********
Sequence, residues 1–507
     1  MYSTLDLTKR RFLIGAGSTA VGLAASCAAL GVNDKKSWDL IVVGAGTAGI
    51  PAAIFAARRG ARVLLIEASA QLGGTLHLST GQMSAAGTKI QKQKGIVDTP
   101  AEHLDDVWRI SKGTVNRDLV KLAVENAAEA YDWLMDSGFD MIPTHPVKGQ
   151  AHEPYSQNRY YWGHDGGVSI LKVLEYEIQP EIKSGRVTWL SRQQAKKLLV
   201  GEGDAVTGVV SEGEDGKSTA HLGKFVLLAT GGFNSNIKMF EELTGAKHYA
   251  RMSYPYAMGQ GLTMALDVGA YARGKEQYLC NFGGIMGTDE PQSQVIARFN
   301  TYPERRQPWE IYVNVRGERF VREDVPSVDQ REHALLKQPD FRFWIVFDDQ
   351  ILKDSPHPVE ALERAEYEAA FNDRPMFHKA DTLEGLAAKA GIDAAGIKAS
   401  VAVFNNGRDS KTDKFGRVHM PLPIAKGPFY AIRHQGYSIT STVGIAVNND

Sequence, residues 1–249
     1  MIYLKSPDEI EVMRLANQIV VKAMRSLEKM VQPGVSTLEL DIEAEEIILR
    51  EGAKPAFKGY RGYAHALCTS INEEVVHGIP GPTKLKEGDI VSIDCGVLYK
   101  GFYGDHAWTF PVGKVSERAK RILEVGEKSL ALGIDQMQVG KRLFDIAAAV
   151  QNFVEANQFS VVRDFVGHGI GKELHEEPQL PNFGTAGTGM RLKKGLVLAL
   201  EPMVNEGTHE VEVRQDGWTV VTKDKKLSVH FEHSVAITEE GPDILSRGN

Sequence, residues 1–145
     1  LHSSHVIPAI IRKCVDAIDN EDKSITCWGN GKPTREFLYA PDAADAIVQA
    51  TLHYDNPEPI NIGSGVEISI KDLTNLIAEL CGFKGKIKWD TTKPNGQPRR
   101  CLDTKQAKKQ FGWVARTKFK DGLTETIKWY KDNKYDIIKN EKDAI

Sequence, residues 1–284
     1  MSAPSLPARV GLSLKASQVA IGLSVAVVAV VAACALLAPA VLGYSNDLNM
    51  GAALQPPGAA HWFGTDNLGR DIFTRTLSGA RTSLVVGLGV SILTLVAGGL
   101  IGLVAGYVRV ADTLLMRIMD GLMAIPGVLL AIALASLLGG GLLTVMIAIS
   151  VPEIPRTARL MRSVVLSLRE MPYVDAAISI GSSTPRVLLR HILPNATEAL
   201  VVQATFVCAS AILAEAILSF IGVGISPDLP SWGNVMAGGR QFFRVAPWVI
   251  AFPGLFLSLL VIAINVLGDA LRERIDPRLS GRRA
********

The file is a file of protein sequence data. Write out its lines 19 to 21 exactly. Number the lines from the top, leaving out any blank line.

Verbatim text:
    51  TLHYDNPEPI NIGSGVEISI KDLTNLIAEL CGFKGKIKWD TTKPNGQPRR
   101  CLDTKQAKKQ FGWVARTKFK DGLTETIKWY KDNKYDIIKN EKDAI

Sequence, residues 1–284